Sewickley Herald names Little Sewickley Creek Watershed Association Citizen of the Year
For more than 40 years, one group's mission has been to preserve and protect Little Sewickley Creek and habitats that use the body of water.
“There were several people who recognized that here was an area that was not developed, the stream had a lot of desirable features to it (and) people enjoyed just being along it,” Little Sewickley Creek Watershed Association President Sarah Shockey said. “They felt it should be protected.”
Since then, members of the group have accomplished a myriad of projects up and downstream, including the placement last year of ponds along the Bell Acres and Sewickley Heights municipal boundary to protect a salamander habitat, which has led the organization to be named the Sewickley Herald Citizen of the Year for 2015.
Saving the Jefferson salamander — an uncommon species known to Pennsylvania and other Northeast states — happened almost by accident.
After a sediment pond used as a settling pond for overflow from the Bell Acres Municipal Authority was filled in around the mid- to late-2000s, health inspectors and treatment plant workers began noticing salamanders and frogs dying in sewage in nearby tanks.
The hole the creatures had been using was filled in without anybody noticing, said Diane Abell, a member of the Little Sewickley Creek Watershed Association, who has helped to lead the salamander project near Grouse Lane.
The salamanders had nowhere to go so they sought out water in the sewage tanks — the very place that killed many of them over the years.
Temporary cattle tanks previously had been installed in an effort to keep wildlife from dying, said April Claus — who serves as a board member for the watershed association and also as Fern Hollow Nature Center's environmental education director — calling it a “Band-Aid effect for the population limping along here.”
Construction was completed in the fall to recreate ponds for wildlife, in hopes that salamanders would begin to breed and use the area.
A $10,000 grant from the Allegheny County Conservation District helped make the pond a reality.
By February, Claus said, the salamanders and other creatures not only discovered the ponds but began breeding there and using them.
Last month, Claus showed Sewickley Herald staff members a number of salamander and wood frog eggs in ponds.
When the temporary cattle tanks were used, Abell would venture to the site at night to retrieve them from the tanks.
“It was raining … the ground was glistening with salamanders and wood frogs,” Abell said. “Some people would have been freaked out. I felt like I was in heaven.”
Claus and Abell credited the joint work of Bell Acres and Sewickley Heights boroughs, the Western Pennsylvania Conservancy, watershed association, municipal authority, conservation district and Robert Morris University for working together to save the salamanders.
But saving the salamanders is a fraction of the work the group does across a seven-community area that includes Bell Acres, Edgeworth, Franklin Park, Leet, Leetsdale, Sewickley Heights and Sewickley Hills.
Since its inception, the group has conducted quality assurance tests on water, ground and species; worked with other organizations to protect the creek; educated students through the group QV Creekers and through summer enrichment camps; and acquired property as part of a land conservation agreement.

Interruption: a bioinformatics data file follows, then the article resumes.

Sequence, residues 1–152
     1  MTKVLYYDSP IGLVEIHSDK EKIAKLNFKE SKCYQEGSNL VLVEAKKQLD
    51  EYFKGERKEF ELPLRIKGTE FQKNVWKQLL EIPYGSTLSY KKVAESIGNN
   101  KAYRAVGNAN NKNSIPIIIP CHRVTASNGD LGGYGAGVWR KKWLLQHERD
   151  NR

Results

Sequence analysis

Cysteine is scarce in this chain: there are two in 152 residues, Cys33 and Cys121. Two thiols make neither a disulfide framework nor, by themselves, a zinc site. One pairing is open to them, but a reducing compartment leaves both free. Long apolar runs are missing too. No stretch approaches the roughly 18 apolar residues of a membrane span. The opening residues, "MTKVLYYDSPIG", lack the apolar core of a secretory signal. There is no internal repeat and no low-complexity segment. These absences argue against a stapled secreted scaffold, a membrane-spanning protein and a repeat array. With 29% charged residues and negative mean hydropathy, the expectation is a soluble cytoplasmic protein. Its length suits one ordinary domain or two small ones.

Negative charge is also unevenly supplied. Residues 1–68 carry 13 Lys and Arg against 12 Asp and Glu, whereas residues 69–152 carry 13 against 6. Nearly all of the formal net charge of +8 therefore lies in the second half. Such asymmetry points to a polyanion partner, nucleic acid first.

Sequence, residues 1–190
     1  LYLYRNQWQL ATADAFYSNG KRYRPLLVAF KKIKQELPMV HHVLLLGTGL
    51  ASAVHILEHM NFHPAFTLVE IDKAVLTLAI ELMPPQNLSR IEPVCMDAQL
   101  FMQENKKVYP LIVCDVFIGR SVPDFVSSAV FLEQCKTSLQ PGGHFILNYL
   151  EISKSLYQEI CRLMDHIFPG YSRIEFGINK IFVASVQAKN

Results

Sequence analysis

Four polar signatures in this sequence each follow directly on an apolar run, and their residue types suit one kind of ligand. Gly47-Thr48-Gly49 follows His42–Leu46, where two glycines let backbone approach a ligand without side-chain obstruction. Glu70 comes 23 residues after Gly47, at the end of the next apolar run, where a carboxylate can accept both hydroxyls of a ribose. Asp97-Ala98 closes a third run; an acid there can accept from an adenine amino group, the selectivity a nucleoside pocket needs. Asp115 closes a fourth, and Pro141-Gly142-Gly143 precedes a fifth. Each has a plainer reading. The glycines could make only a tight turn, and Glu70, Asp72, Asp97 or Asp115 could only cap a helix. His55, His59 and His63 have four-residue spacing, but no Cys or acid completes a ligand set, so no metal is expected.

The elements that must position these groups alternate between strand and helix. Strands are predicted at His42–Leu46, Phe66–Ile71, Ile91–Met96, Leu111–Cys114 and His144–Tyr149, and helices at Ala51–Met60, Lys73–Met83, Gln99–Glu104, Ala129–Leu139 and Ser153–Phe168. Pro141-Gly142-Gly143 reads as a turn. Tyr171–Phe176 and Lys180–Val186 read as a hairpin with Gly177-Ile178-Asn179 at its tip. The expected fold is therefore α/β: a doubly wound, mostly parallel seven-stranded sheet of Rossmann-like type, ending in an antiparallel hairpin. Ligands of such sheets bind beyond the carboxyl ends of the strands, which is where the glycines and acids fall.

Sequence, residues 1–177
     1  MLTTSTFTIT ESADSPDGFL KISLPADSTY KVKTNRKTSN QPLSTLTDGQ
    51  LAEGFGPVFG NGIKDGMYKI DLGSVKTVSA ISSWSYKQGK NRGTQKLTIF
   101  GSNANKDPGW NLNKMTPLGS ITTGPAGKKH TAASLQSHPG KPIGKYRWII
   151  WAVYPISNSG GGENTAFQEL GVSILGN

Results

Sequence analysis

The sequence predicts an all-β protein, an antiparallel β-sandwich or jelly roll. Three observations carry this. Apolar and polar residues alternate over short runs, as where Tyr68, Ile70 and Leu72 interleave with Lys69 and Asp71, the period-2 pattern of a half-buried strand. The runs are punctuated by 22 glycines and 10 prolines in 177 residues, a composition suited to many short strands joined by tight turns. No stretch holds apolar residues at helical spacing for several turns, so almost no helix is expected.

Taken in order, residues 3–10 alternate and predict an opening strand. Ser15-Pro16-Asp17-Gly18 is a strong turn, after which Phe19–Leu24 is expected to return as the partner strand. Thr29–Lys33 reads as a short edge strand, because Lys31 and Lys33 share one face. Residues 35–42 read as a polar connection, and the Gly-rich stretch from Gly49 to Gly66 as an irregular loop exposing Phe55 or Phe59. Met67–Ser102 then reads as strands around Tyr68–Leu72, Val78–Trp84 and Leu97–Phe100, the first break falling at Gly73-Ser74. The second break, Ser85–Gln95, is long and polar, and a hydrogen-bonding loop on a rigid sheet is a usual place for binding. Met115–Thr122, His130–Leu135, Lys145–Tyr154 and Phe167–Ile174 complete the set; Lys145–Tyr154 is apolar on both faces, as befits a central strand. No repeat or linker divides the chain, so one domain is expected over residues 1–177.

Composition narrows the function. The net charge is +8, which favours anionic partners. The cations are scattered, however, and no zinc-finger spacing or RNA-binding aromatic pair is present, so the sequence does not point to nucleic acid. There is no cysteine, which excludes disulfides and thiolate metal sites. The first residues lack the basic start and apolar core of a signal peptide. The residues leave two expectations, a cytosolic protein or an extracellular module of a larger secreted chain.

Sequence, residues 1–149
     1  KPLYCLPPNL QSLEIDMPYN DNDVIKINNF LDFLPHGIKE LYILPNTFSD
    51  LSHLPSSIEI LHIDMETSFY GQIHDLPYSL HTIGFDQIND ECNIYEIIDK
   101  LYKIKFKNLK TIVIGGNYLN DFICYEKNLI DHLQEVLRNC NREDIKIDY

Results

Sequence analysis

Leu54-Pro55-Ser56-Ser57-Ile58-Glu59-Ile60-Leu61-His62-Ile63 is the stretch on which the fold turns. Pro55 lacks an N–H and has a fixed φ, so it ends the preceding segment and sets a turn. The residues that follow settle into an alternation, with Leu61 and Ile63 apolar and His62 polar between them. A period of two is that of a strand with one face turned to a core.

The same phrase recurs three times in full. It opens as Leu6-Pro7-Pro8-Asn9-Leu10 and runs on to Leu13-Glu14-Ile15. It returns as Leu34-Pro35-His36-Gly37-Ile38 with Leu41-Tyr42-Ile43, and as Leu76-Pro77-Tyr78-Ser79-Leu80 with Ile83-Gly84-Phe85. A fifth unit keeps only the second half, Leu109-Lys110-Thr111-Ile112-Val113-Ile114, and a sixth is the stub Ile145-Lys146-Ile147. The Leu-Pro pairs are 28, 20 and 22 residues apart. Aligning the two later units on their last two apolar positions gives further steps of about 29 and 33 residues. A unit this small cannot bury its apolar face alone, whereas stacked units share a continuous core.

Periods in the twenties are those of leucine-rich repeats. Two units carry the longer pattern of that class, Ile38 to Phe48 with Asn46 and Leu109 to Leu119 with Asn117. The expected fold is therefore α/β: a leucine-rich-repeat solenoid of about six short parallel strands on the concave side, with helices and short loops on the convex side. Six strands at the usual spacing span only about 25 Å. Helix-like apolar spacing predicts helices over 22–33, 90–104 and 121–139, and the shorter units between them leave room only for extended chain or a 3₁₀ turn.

The two parcels of land — the 96-acre Wagonner's Hollow in Sewickley Heights and the 78-acre Devil's Hollow in Bell Acres — were protected in the early 1990s.
For Shockey, the group's president, educating Sewickley Valley residents of the creek remains as crucial as protecting it.
“It's important because people need to know where things come from,” she said. “It's great to go to Walker Park and play in the creek but it's also really essential for people to know something about the area itself — about where the stream comes from, why it's there (and) what do people do that can be deleterious to the conditions of the stream. If they don't get out and look at it, they don't really understand what anybody is talking about.
“When people see what we're doing and why we're doing it, it's really important for them to put it together. We appreciate them just knowing about it.”
Shockey, who lives along the creek, said it and protected land around it helped to keep Hurricane Ivan from causing extensive damage to her property.
“The only time in 40 years we lived along the stream that I've seen it actually flood,” she said of the hurricane that hit the Pittsburgh region and much of the Northeast in September 2014. “As my husband put it: ‘We had beachfront property in our yard.'”
While Shockey and Abell focus efforts on educating and protecting, the women said they each also spend time enjoying the resource they work to save.
“We enjoy it every day,” Shockey said of she and her husband, adding that they will walk along it, throw sticks to their dogs and look for fish.
Abell said she first grew connected to the creek through taking her children there when she moved to the area in the early 1980s.
“A river is wonderful and the ocean is great,” she said. “But there's something about a creek. It's more manageable for children to explore.
“It's a great resource for education and connecting children with nature. A lot of kids learn about nature on the computer. It's a resource beyond Sewickley.”
Bobby Cherry is an associate editor for Trib Total Media. He can be reached at 412-324-1408 or email@example.com.